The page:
“Becoming [mature] means that the individual moves toward being, knowingly and acceptingly, the process which he inwardly and actually is. He moves away from being what he is not, from being a façade. He is not trying to be more than his is, with the attendant feelings of insecurity or bombastic defensiveness. He is not trying to be less than he is, with the attendant feelings of guilt or self-depreciation. He is increasingly listening to the deepest recesses of his psychological and emotional being, and finds himself increasingly willing to be, with greater accuracy and depth, that self which he most truly is.”

I think maturity is also a process that requires surrender. At some point in order to really become mature, in order to really reach our full potential as sons and daughters of God, we must surrender to His hand and allow Him to mold and shape us.

George MacDonald writes:

“The one secret of life and development is not to devise and plan, but to fall in with the forces at work – to do every moment’s duty aright – that being the part in the process allotted to us; and let come – not what will, for there is no such thing – but what the eternal Thought wills for each of us, has intended in each of us from the first. If men would but believe that they are in process of creation, and consent to be made – let the maker handle them as the potter his clay, yielding themselves in respondent motion and submissive hopeful action with the turning of his wheel, they would ere long find themselves able to welcome every pressure of that hand upon them, even when it was felt in pain, and sometimes not only to believe but to recognize the divine end in view, the bringing of a son into glory; whereas, behaving like children who struggle and scream while their mother washes and dresses them, they find they have to be washed and dressed, notwithstanding, and with the more discomfort: they may even have to find themselves set half naked and but half dried in a corner, to come to their right minds, and ask to be finished.”

I think that maturity is stopping fighting against God’s molding work in our lives and asking to be finished. It is the long process of being finished, of surrendering to becoming the person God desires for us to be. And as we do so, as we surrender to be molded and then are molded more and more into ourselves – the true self which God intended for us when he “knit us together in our mother’s womb” – something amazing happens we find that we are truly free.

I think that maturity is a process that takes us to freedom – freedom to be who we are and freedom to live fully and authentically from our true self. I was talking with a few friends the other night and we were talking about the different stages of development that humans go through and about how our spiritual and inner maturity seems to mirror those stages. Maturing means becoming an adult and growing into adulthood means a new sense of freedom. As we mature spiritually we are no longer the 7 year old that begs God for the toys we want and needs to ask His permission for every little decision we make. Instead we learn that there is much more to walking with God then getting what we want and as we walk with Him he gives us much more freedom to make choices then we ever imagined. It reminded me of a C.S. Lewis quote I have always loved from the book Perelandra:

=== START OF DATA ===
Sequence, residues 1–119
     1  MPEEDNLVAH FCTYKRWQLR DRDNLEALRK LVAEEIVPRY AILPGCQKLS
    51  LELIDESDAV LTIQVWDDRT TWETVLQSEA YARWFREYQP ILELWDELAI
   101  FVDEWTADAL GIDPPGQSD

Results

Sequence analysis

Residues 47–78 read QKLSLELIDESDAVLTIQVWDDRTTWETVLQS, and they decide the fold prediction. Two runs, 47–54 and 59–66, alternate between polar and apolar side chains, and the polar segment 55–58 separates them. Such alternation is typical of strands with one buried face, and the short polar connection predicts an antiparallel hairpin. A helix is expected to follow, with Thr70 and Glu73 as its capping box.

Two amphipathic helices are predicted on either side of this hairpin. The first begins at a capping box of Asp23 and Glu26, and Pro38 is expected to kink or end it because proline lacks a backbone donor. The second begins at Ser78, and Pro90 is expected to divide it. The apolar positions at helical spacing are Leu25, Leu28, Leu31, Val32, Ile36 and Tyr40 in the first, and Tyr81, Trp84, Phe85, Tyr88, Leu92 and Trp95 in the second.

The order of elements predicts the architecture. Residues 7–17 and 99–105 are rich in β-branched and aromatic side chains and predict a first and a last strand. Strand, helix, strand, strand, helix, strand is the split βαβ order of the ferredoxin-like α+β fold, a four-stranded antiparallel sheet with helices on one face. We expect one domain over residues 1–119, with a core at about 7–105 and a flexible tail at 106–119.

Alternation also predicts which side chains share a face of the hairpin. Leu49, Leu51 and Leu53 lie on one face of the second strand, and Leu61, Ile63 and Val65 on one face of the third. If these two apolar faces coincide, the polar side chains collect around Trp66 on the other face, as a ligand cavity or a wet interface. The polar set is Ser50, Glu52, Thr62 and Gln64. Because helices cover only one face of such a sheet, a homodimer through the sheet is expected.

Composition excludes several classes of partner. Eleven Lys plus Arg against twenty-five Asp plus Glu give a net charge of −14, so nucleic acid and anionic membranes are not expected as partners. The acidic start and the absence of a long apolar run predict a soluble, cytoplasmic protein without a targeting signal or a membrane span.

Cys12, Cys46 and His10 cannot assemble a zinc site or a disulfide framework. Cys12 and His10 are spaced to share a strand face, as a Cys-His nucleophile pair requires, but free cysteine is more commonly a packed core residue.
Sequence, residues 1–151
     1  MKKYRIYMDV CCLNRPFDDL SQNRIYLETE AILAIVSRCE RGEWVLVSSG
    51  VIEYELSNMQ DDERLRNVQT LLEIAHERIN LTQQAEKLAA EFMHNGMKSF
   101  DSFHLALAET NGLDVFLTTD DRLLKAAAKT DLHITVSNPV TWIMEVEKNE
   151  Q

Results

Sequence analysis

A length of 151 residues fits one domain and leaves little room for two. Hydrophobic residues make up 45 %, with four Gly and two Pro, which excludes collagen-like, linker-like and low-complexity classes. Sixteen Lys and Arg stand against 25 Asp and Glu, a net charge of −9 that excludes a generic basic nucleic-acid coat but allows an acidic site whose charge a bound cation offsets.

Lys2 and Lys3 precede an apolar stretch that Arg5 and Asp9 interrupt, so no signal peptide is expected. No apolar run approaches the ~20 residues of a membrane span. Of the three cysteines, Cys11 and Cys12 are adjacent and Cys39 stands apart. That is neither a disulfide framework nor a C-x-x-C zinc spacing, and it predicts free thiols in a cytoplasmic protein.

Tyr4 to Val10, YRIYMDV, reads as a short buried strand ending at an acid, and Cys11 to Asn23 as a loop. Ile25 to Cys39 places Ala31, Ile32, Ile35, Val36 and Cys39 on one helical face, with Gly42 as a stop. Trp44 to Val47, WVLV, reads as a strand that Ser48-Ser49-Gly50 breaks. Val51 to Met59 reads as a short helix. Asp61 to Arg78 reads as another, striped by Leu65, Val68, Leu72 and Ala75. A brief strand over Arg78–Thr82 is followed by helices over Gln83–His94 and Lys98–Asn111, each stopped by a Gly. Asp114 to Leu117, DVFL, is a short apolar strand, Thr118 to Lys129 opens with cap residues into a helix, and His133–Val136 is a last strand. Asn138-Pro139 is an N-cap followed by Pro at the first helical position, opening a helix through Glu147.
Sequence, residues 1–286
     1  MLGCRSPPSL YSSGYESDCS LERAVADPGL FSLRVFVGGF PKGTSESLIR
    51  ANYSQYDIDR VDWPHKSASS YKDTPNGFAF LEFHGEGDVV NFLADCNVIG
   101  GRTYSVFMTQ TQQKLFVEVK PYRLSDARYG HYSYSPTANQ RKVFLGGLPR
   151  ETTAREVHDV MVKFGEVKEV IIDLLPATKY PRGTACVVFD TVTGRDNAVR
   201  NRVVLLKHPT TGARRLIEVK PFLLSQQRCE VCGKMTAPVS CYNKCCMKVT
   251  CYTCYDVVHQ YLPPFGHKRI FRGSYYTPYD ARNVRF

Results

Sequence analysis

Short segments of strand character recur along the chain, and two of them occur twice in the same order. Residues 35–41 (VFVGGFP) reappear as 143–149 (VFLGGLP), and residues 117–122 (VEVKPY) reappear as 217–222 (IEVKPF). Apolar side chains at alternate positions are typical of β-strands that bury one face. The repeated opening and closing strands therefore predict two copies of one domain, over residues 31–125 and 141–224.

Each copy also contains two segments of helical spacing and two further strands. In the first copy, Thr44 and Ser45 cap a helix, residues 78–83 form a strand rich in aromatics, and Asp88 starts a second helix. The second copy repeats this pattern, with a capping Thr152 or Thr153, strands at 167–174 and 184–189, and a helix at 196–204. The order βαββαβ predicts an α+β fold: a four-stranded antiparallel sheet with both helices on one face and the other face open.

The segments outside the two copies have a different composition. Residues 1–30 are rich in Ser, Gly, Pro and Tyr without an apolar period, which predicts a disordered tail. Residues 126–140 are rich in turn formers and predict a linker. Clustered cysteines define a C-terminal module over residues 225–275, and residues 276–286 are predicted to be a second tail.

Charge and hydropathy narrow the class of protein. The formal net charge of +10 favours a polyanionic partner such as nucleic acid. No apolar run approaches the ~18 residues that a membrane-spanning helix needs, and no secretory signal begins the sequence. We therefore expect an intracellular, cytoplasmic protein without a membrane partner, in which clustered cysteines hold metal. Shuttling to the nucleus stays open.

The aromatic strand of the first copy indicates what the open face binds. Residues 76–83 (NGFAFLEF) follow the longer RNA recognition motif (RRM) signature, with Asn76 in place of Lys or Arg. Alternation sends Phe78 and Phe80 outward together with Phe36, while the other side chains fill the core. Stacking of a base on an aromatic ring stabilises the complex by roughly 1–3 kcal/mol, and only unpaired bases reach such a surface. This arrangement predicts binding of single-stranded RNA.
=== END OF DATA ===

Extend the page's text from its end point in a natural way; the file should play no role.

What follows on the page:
” ‘I have been so young till this moment that all my life now seems to have been a kind of sleep. I have thought that I was being carried, and behold, I was walking… What you have made me see is as plain as the sky, but I never saw it before. Yet it has happened every day. One goes into the forest to pick food and already the thought of one fruit rather than another has grown up in one’s mind. Then, it may be, one finds a different fruit and not the fruit one thought of. One joy was expected and another is given. But this I had never noticed before – that the very moment of the finding there is in the mind a kind of thrusting back, or setting aside. The picture of the fruit you have not found is still, for a moment, before you. And if you wished – if it were possible to wish – you could keep it there. You could send your soul after the good you had expected, instead of turning it to the good you had got. You could refuse the real good; you could make the real fruit insipid by thinking of the other… And this, O Piebald, is the glory and wonder you have made me see; that it is I, I myself, who turn from the good expected to the given good. Out of my own heart I do it… I thought,’ she said, ‘that I was carried in the will of Him I love, but now I see that I walk with it. I thought that the good things He sent drew me into them; but now I see that it is I who plunge into them with my own legs and arms, as when we go swimming… It is a delight with terror in it! One’s own self to be walking from one good to another, walking beside Him as Himself may walk, not even holding hands. How has He made me so separate from Himself? How did it enter His mind to conceive such a thing? The world is so much larger than I thought. I thought we went along paths – but it seems there are no paths. The going itself is the path.'”